Why a successful Kickstarter project does not make a company

By Nathaniel Mott , written on March 14, 2013

From The News Desk

It's impossible to talk about hardware without talking about software, ecosystems, and Kickstarter. Or at least that's what you'd think after the "Made for life: The new hardware revolution" panel at the F.ounders 2013 conference.

Wired's Bill Wasik was joined by OUYA's Julie Uhrman, Quirky's Ben Kaufman, SmartThings' Alex Hawkinson, and PCH International's Liam Casey to discuss the intersection of crowdfunding platforms like Kickstarter with the hardware revolution. how Kickstarter has changed the way hardware startups get funding -- or whether they get funding at all. In some senses, Kickstarter has warped founders' views of the hardware game.

SmartThings' Hawkinson argued that Kickstarter is "100 percent not about the money." It's about getting the ecosystem engaged. Turning to Kickstarter allowed Hawkinson's SmartThings to raise more than $1 million to build a central "hub" for the Internet of Things. The top benefit of that was to awareness of the product and get developers on board.

Kaufman, who founded Quirky to "reinvent the invention of inventions," said that the hardware game is about more than Kickstarter. (Naturally.) "Yes, money is important, and yes, community is important, but neither of those things matter unless you're willing to spend years and years and years building a company," he said.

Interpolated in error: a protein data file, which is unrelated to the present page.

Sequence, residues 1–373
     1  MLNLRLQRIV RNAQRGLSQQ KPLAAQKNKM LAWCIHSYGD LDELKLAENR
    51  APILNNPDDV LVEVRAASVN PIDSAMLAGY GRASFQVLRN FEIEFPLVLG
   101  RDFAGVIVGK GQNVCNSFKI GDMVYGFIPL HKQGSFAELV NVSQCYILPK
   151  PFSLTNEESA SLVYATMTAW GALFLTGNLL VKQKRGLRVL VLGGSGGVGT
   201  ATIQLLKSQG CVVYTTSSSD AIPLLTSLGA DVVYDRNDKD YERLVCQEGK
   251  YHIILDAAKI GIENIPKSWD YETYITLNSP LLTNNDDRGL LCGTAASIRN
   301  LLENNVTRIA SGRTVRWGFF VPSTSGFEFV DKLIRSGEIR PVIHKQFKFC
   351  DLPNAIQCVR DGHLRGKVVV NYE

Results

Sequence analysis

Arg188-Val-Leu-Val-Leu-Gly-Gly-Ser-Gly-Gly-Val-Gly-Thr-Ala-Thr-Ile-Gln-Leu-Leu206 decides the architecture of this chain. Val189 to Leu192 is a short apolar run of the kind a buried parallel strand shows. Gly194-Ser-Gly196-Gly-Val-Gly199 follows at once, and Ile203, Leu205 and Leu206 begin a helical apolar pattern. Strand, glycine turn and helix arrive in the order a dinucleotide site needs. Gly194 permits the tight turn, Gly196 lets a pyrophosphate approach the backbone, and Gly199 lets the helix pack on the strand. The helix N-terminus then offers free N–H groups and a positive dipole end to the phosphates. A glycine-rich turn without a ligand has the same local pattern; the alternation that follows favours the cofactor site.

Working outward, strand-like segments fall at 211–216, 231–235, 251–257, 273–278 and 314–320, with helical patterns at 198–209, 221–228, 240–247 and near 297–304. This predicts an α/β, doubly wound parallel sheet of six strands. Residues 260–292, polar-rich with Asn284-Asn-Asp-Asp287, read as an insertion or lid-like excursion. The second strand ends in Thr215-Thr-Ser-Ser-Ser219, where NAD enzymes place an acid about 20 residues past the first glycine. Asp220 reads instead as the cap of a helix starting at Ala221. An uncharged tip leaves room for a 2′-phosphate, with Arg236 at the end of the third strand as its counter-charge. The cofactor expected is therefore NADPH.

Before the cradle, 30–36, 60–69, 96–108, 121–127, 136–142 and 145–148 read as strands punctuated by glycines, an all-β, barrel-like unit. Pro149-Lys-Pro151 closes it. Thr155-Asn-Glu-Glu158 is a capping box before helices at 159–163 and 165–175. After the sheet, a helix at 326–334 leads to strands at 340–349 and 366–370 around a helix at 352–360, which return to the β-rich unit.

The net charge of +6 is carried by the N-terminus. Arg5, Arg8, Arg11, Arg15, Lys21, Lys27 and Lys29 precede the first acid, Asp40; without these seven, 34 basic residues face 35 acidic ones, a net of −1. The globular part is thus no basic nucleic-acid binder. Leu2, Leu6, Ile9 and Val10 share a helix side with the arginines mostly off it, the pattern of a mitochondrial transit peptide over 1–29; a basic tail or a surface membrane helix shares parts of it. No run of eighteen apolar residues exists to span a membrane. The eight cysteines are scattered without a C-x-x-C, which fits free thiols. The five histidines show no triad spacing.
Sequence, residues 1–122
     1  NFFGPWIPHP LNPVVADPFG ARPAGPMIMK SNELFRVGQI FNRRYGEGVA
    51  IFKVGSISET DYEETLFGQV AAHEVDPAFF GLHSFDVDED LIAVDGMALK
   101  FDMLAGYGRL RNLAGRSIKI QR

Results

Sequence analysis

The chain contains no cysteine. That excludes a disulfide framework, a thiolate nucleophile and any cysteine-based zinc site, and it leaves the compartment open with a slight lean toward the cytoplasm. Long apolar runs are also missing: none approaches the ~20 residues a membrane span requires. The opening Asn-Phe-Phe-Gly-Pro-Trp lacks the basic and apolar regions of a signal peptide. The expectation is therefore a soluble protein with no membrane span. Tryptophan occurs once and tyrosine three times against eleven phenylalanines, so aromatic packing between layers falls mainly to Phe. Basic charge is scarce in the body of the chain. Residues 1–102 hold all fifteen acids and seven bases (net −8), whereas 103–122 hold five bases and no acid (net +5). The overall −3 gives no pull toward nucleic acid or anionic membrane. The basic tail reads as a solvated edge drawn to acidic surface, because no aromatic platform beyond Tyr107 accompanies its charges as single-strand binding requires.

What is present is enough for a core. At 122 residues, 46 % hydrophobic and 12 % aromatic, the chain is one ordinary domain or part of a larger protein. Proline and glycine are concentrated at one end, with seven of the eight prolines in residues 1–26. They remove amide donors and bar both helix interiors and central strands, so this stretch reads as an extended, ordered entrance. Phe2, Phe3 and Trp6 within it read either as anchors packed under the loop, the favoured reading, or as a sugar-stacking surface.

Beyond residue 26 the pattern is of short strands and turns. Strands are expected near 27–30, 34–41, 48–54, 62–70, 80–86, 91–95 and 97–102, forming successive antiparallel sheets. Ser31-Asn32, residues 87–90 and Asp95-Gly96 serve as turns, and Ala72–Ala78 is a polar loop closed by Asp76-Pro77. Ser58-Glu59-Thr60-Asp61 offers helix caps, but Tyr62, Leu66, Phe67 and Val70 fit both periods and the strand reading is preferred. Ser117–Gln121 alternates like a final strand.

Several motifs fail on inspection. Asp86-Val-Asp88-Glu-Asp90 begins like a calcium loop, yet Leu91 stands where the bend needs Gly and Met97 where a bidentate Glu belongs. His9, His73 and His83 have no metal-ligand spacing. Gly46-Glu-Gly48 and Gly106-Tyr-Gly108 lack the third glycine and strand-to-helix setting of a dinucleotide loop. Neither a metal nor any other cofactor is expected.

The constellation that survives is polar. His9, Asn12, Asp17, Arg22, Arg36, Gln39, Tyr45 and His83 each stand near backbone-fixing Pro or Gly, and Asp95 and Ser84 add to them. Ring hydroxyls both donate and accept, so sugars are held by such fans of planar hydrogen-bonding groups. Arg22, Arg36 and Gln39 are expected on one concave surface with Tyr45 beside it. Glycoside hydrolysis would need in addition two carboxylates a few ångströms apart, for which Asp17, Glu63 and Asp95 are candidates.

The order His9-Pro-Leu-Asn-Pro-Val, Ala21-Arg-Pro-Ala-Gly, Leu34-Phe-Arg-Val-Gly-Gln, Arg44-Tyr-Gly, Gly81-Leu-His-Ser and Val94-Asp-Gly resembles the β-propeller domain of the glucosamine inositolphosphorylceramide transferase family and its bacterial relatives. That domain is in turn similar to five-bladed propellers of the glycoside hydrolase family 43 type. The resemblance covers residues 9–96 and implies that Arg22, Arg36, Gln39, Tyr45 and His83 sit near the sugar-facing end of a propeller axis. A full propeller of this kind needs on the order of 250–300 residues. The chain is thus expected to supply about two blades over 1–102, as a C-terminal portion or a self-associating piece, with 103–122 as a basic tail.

Casey noted that his company PCH International refers to Kickstarter as "foreplay," pointing out the sobering reality missing from many huge Kickstarter success stories: there is much more that companies have to worry about than meeting their fundraising goals.

It is a solid start, though. "Kickstarter is fascinating because it allows you to find your audience," said Uhrman. "It says, I have this idea. And if you believe in it too, then we'll make it." Raising money on Kickstarter offers validity, she said. That validity makes it possible to form partnerships with retailers and manufacturers that otherwise would have passed on a product like OUYA.

So, yeah. The hardware revolution is kind of about Kickstarter, so long as it's used to raise money and awareness -- but remember, the money only kinda-sorta matters -- and founders must be aware of how much effort goes into building a hardware product that has nothing to do with the crowdfunding site.

They never said the revolution would be easy.

[Ouya image via]